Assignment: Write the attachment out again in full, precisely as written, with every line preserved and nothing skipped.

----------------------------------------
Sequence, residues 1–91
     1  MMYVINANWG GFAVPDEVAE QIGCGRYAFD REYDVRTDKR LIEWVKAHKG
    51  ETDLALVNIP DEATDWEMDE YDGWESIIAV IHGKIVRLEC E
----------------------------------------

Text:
Sequence, residues 1–91
     1  MMYVINANWG GFAVPDEVAE QIGCGRYAFD REYDVRTDKR LIEWVKAHKG
    51  ETDLALVNIP DEATDWEMDE YDGWESIIAV IHGKIVRLEC E